-- What I do for a living can be summarized as follows: you provide the bubble; I provide the pin.  Bubble-popping is not an occupation calculated to make a person popular.  Sadly, I cannot seem to get out of doing it even on my off-time.

-- Of course, even I have my own bubbles that require popping.  As much as we hate to have our bubbles burst, the world will be a far sorrier and more wretched place the day we run out of people to do it.      


  1. Your random thoughts are also my random thoughts - to a tee.

    My first thought when seeing that painting was, "Oh, what a beautiful painting." My second thought was, "Holy carp, Sister St. Ignatius would have a cow if she saw me sitting like that while writing."

    To this day, while writing my "morning pages" (in cursive), I remind myself to relax my shoulders, straighten my back, have the paper at the right angle, loosen my grip on the pen (fountain), and the myriad of other things that contribute to good penmanship.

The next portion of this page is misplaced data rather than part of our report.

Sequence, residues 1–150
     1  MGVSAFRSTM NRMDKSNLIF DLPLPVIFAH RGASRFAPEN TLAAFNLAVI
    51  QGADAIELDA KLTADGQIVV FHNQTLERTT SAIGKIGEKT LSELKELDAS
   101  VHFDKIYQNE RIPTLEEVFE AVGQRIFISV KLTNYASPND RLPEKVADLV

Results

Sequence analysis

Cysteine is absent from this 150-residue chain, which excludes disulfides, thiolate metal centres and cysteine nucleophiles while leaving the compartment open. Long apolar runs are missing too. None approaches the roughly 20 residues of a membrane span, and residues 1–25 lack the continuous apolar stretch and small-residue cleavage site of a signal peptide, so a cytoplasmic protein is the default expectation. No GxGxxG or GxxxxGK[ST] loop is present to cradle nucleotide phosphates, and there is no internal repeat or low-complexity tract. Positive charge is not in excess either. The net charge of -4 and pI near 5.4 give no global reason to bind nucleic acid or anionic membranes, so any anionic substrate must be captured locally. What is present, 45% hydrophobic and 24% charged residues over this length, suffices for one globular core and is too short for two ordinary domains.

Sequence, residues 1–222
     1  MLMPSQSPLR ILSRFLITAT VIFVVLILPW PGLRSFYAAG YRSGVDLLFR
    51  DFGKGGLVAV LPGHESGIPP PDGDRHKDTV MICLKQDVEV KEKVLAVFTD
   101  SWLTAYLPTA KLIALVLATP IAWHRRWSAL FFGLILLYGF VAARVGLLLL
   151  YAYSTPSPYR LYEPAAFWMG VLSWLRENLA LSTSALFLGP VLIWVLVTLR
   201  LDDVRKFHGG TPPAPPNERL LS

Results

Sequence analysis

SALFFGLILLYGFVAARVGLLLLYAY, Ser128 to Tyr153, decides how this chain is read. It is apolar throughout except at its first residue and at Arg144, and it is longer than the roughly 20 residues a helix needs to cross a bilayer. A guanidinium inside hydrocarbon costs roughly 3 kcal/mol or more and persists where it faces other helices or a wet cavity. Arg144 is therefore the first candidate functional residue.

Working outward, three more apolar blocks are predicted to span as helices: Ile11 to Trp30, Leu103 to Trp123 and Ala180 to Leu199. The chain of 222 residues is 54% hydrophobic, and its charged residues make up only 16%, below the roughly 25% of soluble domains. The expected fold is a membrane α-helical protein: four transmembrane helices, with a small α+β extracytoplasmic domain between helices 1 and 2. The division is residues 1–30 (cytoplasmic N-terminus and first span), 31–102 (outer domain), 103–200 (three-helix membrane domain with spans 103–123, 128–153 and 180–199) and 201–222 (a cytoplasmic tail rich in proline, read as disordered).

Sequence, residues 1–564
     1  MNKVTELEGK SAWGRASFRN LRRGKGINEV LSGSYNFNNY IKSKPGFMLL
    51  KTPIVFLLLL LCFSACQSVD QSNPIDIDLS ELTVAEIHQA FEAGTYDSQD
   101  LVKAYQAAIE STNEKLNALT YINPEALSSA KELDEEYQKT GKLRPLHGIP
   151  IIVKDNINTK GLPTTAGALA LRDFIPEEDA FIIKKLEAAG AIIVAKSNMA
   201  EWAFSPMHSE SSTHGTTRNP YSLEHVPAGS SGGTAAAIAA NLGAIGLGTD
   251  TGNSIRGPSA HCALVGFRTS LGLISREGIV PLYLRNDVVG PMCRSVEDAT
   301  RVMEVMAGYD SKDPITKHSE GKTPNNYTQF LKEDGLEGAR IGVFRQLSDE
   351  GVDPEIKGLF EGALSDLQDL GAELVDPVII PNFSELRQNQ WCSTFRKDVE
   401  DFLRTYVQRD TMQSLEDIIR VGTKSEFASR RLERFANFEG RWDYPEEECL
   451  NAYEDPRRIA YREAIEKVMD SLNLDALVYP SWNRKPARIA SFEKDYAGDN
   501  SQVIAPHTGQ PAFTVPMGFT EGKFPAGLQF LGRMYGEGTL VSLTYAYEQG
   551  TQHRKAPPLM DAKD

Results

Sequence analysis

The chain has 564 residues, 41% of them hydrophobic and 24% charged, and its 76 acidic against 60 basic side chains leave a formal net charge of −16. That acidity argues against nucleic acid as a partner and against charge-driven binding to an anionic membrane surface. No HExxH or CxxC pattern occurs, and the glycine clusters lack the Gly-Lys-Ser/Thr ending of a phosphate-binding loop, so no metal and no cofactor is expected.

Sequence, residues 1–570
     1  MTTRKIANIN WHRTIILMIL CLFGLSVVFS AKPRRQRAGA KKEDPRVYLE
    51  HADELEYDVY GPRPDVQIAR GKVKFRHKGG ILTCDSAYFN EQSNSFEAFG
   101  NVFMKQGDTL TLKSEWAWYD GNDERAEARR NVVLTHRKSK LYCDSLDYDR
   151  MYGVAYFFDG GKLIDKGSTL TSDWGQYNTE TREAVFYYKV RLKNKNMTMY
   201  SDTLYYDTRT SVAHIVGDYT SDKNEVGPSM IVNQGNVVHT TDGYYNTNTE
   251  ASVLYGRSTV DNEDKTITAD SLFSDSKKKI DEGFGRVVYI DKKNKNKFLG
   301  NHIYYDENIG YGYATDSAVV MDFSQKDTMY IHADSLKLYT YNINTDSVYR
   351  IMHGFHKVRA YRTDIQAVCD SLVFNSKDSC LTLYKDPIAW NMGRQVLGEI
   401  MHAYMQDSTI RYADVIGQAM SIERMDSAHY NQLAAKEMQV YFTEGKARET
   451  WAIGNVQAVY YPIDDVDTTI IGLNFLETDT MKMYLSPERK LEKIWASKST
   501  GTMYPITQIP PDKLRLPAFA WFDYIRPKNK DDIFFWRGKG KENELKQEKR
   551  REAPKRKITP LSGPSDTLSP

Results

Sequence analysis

2. I did momentarily toy with the idea of a cursive font on the remodeled blog -- beautiful, yet produced while hunched over a keyboard. Now that we have an up-and-coming generation of young adults who don't do cursive, maybe I'll make the switch when the time comes I don't want them to understand what I'm saying.

  3. The lady in the picture is in the only posture that can be used for writing poetry. I stopped going to the checkout guy with the big ear things with giant holes. Icky.